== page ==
In anticipation of Deadpool 2, which sees Josh Brolin returning to the world of Marvel as the villain Cable mere weeks after his universe-threatening appearance as Thanos in Avengers: Infinity War, I'll be exploring an 80's slasher where the lead villain also played double duty. In 1989 Robert England continued his landmark role as Freddy Krueger in A Nightmare on Elm Street 5: The Dream Child, but he also played another infamous villain in that same year's The Phantom of the Opera, which we'll be discussing today.
Director: Dwight H. Little
Cast: Robert Englund, Jill Schoelen, Alex Hyde-White
Run Time: 1 hour 33 minutes
MPAA Rating: R
I don't know what it is about classic French literature and pop culture, but two of the most adapted novels in the world are Victor Hugo's Les Misérables and Gaston Leroux's The Phantom of the Opera. Both books have received the movie treatment more than a dozen times apiece, not to mention TV specials, comics (seriously), and modernizations, as well as one extravagantly popular Broadway musical apiece.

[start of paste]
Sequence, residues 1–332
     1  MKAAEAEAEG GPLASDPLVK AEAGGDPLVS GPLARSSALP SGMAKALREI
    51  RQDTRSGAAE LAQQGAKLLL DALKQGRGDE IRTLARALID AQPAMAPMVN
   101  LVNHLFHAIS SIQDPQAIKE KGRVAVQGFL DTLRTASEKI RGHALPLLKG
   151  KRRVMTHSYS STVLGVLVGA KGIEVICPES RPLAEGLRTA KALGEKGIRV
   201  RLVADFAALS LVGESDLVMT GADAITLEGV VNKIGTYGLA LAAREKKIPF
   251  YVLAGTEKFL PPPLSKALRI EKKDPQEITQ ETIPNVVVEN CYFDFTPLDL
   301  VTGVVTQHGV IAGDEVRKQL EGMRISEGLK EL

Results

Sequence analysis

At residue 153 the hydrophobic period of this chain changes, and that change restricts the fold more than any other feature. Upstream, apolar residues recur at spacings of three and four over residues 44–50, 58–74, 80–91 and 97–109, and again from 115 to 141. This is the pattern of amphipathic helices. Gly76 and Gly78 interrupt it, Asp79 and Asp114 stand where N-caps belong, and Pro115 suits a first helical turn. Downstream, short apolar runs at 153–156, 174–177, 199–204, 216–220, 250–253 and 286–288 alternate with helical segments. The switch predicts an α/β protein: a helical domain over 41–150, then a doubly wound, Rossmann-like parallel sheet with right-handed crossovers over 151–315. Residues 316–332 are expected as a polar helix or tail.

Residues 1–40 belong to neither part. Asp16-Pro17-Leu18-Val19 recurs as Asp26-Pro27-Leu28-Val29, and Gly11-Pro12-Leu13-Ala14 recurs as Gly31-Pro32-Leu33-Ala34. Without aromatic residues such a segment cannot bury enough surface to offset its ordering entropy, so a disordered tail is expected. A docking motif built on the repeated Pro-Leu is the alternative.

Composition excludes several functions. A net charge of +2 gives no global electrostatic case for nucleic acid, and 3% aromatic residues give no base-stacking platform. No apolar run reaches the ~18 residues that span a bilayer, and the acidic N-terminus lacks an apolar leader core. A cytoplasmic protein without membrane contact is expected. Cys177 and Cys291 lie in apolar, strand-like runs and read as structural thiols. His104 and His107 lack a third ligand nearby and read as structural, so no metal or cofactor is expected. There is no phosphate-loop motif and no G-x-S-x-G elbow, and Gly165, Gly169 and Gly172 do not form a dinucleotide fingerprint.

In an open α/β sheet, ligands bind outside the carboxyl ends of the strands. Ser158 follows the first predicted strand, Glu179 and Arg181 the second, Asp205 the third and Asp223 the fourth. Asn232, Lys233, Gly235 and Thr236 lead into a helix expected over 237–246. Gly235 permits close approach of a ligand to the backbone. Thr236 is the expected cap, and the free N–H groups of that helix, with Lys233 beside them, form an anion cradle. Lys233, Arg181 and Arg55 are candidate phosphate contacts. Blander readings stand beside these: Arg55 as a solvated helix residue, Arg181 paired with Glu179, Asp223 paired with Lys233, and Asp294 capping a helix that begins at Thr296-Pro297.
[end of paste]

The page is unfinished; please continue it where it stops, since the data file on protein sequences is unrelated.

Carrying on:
Phantom is pretty explicitly a horror novel (though certain people choose to highlight the romance over the monstrous element), so it's not shocking that the genre got its grubby little hands on it, as early as 1925. But what's even less shocking is that 80's horror got a swipe in at the property, because if there was one thing genre filmmakers of the time loved more than a new concept for a slasher movie, it was a well-known property already in the public domain. And why not get Robert Englund, for whom playing a man with a hecked-up face was his bread and butter, and who could at least get some literary cred from playing the role? Toss in the director of the exceedingly solid Halloween 4, the special effects guru behind Chucky, the Crypt Keeper, and Freddy himself, plus 80's shlock mega-producer Menahem Golan, and it's a match made in heaven.
Or hell, if you will.
So, the plot should seem pretty familiar, give or take a couple little embellishments. We start off in the 80's for no clear reason other than to gently ease its viewers into a period piece slasher film, following Christine Day (Jill Schoelen, the queen of late 80's/early 90's B-horror, who at this time was fresh off The Stepfather and Cutting Class) as she scours a rare bookstore for material to use during her opera audition. She stumbles across a battered copy of Don Juan Triumphant, and during her audition is hit on the head with a sandbag (?), which sends her back in time (?) to nineteenth century London, when the piece was first written by Erik Destler (Robert Englund, who was by that point a worldwide cultural phenomenon - that very year he was appearing in Freddy drag on MTV left and right).